Idealists will mourn last week’s NCAA decision to allow the wealthiest college conferences to act, in essence, more like professional sports programs, as the death of the amateur ideal in athletics. Realists know that the amateur ideal died a long time ago at those colleges and conferences and there is no point in pretending otherwise. That ideal, however, lives on and thrives elsewhere, including in the county.
The NCAA’s plan enables five prominent conferences -- the Southeastern and Atlantic Coast conferences, the Pacific-12, the Big Ten and the Big 12 -- and their 65 schools to, among other provisions, raise the value of scholarships (essentially salaries) and allow players to consult with agents. The plan must still pass muster with the NCAA’s members universities but with the major powers behind it, the plan is unlikely to be rejected.
Those five conferences contain some excellent academic institutions, Duke, Stanford and Vanderbilt among them, but many of the colleges are little more than football- and basketball factories, serving as glorified farm teams for the NFL and NBA. The other Division 1 schools, like UMass., still playing by the old rules may find it marginally more difficult to compete with these schools but they are barely competitive with them now. The NCAA is now acknowledging the obvious.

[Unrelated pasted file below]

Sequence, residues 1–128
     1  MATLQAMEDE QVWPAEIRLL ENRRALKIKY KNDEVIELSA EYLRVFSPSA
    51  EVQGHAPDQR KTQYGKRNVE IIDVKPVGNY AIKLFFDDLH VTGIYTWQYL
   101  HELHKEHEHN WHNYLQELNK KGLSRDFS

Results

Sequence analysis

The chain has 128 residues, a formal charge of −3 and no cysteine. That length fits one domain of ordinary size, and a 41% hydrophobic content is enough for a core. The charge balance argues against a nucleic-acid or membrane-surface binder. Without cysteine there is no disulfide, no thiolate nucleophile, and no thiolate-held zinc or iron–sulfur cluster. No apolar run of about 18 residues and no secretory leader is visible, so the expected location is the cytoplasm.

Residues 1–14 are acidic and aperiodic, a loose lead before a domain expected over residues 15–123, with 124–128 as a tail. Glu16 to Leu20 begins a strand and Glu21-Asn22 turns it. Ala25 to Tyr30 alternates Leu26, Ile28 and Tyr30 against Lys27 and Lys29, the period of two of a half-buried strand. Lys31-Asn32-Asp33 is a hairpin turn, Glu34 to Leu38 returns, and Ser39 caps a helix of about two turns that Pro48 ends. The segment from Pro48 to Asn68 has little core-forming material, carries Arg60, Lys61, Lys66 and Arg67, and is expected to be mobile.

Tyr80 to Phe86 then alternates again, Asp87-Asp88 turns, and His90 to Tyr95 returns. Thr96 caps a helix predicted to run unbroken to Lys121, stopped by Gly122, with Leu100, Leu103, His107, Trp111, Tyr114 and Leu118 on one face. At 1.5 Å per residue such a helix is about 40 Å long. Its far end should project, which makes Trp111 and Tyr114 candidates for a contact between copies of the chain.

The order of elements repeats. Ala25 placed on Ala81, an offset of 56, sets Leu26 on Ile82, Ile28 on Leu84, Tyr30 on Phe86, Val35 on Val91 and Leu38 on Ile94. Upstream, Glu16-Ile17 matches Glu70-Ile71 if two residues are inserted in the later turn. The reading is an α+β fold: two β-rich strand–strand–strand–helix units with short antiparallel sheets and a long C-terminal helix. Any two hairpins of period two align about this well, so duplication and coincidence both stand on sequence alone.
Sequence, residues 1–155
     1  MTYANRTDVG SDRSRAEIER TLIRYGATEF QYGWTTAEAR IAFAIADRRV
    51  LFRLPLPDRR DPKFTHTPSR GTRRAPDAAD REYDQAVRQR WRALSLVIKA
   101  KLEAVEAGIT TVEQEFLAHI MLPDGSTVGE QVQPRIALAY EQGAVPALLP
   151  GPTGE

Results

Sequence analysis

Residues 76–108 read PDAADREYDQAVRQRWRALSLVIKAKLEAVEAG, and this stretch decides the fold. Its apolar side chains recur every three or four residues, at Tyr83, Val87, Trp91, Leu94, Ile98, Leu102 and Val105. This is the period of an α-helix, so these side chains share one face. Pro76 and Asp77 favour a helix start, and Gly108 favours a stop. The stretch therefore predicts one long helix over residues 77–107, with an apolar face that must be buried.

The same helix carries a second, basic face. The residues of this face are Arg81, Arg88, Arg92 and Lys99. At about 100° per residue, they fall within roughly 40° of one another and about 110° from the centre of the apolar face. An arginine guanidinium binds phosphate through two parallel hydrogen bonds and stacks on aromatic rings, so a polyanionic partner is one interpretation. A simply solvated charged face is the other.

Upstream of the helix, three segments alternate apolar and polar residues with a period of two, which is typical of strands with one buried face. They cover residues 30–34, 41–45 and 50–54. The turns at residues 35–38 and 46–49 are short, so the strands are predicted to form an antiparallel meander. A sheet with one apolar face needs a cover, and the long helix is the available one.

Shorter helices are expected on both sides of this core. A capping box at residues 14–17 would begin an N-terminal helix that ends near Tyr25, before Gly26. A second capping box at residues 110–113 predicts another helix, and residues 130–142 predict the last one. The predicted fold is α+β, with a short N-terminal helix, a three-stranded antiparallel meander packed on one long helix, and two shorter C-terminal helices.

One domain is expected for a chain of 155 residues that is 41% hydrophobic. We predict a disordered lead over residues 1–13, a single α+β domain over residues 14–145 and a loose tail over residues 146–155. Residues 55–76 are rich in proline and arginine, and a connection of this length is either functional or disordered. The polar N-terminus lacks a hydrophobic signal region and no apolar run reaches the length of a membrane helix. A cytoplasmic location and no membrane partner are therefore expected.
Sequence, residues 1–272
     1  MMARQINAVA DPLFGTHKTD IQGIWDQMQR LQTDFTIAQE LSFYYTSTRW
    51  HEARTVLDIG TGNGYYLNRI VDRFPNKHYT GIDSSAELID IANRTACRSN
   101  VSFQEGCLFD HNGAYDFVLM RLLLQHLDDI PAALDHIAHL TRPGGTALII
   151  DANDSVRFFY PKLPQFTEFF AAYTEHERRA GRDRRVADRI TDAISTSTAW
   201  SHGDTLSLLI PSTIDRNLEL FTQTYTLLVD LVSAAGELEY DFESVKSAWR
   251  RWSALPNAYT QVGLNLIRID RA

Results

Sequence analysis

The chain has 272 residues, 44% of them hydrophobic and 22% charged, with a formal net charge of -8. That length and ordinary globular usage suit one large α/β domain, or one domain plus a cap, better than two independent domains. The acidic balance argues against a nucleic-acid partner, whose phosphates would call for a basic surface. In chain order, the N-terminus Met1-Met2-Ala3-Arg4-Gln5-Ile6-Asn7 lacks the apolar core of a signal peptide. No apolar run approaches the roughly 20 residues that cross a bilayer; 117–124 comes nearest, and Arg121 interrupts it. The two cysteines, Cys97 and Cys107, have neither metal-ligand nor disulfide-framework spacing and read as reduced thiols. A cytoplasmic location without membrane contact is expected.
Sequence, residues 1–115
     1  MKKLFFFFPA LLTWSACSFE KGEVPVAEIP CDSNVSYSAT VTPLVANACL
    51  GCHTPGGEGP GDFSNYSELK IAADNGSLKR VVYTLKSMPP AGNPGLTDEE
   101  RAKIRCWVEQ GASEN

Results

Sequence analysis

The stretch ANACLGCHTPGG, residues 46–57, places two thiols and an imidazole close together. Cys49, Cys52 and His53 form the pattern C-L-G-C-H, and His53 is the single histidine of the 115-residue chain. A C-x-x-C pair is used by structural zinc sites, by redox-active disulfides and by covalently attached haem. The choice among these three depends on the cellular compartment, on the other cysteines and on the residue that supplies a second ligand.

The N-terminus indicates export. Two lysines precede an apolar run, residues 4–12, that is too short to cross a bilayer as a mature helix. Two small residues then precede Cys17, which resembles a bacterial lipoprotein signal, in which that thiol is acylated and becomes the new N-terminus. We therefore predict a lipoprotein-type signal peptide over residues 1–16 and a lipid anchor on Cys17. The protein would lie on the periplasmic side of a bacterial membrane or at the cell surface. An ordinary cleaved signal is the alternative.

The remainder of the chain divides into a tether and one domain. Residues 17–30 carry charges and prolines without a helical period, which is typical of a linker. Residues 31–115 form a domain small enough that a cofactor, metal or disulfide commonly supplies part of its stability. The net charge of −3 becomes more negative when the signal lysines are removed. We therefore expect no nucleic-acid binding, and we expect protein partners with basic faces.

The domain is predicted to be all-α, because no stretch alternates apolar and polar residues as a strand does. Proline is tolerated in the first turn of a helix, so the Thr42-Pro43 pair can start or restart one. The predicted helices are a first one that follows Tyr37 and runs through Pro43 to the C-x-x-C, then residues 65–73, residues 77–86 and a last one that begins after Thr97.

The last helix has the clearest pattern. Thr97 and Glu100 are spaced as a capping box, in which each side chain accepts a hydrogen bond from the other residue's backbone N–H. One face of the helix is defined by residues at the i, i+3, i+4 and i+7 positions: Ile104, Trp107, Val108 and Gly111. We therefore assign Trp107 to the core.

The NCAA’s hand was forced by high-profile lawsuits in which former players have claimed that the organization and its members profited from selling their images on T-shirts and in video games without reimbursing them, and by the nascent unionization effort by football players at Northwestern. Anecdotes about players struggling to eat on the modest money doled out for food while shirts with their names and images on them are sold for a large profit by the NCAA and its schools have severely damaged their image. The NCAA is obviously hoping to avoid lawsuits and unions while giving itself a needed public relations boost.
Local fans disgusted that big-time college sports are becoming bigger and more money-oriented can take solace that MCLA and Williams, playing at the Division 3 level, are keeping the amateur ideal alive. The play is entertaining and competitive, and money doesn’t talk.